6633 Green Bay Road, Suite 4, Kenosha, WI 53142

Kenosha Special Needs Trust Attorney

Bristol Medicaid trust lawyer

Estate Planning Lawyer Helping Create Trusts in Union Grove and Lake Geneva

Throughout your life's journey, you have worked hard to meet your and your family's needs, and you will also want to ensure that the assets you have acquired are put to the best use, both for yourself and your loved ones. Trusts can provide a great method for doing so, but in some cases, additional considerations may need to be taken into account to ensure that those with special needs receive the support they deserve.

Frozena Law LLC can provide you with the legal help you need when creating a comprehensive estate plan. We can offer guidance about your options and the methods you can use to provide for your own needs and your loved ones who are disabled or have other special needs.

Protecting Public Benefits Through a Special Needs Trust

People with disabilities or other types of special needs are often eligible to receive public aid such as Supplemental Security Income (SSI), Social Security Disability Insurance (SSDI), Medicare, or Medicaid. However, certain conditions must be met in order to qualify for and continue receiving these benefits. If the assets a person owns or the income they receive rises above a certain threshold, they may no longer be eligible for Medicaid or SSI.

If you have assets that you would like to set aside to ensure that your loved ones with special needs are cared for, directly transferring these assets to them could jeopardize their eligibility for the public aid they rely on. In order to avoid this, you can create a third-party special needs trust (also known as a supplemental needs trust). As with other trusts, your assets will be placed under the control of a trustee, and they may be distributed to the beneficiary in a manner that does not affect public benefits. A third-party special needs trust will also allow you to name other beneficiaries to benefit from the trust when the original beneficiary passes away.

Typically, public aid will cover a person's basic needs, including food, housing, and most medical care, so assets from a special needs trust should be used for other purposes. These may include support services or medical equipment not covered by public benefits programs, clothing, home goods and furnishings, mobile phone or internet services, transportation, or recreational activities. Payment for these items should be made directly to the vendor or service provider and not to the trust beneficiary.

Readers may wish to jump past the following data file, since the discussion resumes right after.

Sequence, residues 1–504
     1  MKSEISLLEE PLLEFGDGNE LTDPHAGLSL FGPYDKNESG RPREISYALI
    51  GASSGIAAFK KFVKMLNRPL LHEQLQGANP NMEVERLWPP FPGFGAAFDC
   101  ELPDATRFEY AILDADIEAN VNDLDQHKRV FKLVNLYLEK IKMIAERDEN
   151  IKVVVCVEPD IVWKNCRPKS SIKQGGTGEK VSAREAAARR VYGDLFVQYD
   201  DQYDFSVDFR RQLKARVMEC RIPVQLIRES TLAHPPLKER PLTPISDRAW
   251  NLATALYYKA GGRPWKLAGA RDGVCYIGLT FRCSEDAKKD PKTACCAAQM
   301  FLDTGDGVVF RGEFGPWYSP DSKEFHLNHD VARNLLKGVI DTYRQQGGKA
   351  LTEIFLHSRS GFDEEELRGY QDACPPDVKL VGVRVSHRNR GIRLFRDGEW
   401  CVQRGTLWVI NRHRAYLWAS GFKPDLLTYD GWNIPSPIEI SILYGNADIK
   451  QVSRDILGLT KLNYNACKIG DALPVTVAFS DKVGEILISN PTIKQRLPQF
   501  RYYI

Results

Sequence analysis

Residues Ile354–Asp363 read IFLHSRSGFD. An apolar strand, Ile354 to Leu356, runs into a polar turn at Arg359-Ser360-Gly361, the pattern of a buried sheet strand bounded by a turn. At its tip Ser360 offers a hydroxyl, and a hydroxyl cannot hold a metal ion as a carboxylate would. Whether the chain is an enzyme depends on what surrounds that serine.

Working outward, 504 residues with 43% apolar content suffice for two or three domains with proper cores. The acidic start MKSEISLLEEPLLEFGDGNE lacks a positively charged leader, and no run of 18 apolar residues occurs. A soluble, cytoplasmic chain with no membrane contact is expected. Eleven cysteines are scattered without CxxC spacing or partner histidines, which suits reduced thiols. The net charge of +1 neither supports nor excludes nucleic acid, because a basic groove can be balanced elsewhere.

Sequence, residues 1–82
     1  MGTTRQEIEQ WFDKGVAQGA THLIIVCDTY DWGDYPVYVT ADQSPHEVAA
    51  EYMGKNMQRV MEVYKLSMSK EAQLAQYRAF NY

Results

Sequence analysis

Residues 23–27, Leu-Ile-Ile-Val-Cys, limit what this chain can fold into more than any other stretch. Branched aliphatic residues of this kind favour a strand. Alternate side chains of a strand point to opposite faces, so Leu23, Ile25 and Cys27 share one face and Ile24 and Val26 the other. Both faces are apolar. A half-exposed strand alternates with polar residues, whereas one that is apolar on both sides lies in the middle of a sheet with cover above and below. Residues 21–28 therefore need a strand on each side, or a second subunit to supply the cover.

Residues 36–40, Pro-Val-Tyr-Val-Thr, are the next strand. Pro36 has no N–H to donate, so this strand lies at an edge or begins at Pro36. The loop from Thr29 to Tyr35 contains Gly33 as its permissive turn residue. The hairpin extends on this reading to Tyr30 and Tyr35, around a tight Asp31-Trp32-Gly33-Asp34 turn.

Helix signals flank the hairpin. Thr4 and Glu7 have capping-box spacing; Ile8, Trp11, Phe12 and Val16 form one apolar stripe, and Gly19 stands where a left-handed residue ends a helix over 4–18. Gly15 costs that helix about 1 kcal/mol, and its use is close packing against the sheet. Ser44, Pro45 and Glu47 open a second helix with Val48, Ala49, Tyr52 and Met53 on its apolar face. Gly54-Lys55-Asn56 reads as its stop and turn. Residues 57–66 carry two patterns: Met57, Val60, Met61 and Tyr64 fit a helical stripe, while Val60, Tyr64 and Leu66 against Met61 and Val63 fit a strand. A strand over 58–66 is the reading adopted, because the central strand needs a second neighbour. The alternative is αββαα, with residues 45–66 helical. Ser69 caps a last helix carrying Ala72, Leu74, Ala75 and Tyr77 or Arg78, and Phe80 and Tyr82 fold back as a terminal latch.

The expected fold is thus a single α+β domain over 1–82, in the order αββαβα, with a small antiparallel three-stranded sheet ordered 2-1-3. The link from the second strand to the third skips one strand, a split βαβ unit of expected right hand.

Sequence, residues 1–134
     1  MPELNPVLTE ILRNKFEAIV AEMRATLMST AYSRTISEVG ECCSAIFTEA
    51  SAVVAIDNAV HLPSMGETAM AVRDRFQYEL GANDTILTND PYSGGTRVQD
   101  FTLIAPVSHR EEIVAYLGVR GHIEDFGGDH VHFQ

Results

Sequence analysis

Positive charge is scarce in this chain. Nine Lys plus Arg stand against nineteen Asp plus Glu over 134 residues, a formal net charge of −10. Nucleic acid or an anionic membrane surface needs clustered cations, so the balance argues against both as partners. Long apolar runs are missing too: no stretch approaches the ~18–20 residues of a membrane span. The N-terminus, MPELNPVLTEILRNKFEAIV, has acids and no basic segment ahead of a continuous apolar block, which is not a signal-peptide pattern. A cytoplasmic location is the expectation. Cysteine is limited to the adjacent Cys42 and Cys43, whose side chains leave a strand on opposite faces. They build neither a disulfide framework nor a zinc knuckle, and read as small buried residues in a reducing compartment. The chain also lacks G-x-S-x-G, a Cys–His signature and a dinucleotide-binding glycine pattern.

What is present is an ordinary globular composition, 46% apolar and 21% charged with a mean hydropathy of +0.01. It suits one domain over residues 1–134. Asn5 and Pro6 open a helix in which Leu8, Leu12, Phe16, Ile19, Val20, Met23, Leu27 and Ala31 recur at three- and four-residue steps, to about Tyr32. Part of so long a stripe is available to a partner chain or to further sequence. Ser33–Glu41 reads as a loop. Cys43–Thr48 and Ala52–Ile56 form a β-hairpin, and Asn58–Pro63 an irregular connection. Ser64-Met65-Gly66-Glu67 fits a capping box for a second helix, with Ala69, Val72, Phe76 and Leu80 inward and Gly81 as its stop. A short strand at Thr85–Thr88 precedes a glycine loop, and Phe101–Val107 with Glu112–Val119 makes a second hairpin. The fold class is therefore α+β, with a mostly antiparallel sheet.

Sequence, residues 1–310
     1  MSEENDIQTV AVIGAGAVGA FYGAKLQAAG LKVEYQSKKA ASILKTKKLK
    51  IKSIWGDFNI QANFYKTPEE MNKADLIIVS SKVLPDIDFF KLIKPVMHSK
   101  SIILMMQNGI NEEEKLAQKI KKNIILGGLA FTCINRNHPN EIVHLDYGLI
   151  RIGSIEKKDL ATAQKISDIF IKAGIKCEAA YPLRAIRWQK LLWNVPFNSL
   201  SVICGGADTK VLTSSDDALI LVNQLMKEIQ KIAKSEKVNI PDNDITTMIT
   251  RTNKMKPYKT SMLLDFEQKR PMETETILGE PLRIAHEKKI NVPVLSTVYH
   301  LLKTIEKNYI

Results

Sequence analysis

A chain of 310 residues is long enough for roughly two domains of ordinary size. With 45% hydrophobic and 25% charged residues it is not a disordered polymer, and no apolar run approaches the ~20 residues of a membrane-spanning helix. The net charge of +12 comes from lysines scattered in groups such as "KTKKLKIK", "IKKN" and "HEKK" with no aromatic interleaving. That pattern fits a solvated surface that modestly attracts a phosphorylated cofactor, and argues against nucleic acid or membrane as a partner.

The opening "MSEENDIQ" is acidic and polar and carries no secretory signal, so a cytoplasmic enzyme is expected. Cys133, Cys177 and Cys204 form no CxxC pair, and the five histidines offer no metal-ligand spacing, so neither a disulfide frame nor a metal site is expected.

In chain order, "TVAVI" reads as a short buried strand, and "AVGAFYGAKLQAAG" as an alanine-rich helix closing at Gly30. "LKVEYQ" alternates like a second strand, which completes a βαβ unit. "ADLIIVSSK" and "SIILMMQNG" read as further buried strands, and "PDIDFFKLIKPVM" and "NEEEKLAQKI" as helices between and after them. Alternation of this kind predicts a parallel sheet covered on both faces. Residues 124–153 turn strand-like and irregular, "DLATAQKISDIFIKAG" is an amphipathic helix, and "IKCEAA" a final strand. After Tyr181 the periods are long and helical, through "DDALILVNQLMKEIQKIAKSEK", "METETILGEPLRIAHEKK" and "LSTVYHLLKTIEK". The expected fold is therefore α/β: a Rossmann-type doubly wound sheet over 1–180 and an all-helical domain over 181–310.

If you or a loved one receive public benefits and will be receiving a gift/bequest, a personal injury or similar legal settlement, or have too many assets to maintain eligibility for public benefits, a self-settled special needs trust may be appropriate. A self-settled or first-party special needs trust allows you or your loved one to receive the benefit of the gift/bequest or settlement or to retain excess income or assets for future use without losing public benefits. However, a self-settled special needs trust must include a payback provision which provides for reimbursement back to the state for public benefits received. Only after the state is paid back can remaining assets, if any, be passed to a named remainder beneficiary. If a pooled trust managed by a non-profit, such as WisPACT or LifeNavigators, is used for a self-settled special needs trust, in some cases trust assets will remain with the non-profit managing the trust for charitable purposes instead of paying back the state.

Contact a Racine County Elder Law Attorney

When you are determining the best ways to manage the assets you own, it is important to work with an experienced estate planning attorney. Frozena Law LLC can help you understand your options for creating and funding different types of trusts, and we will help ensure that you are prepared to provide for your and your family's needs, including loved ones with special needs, both immediately and in the future. To schedule a consultation, contact our office today at  262-237-8668. We assist with estate planning and elder law in Kenosha, Burlington, Racine, Sturtevant, Union Grove, Pleasant Prairie, Lake Geneva, and Bristol.

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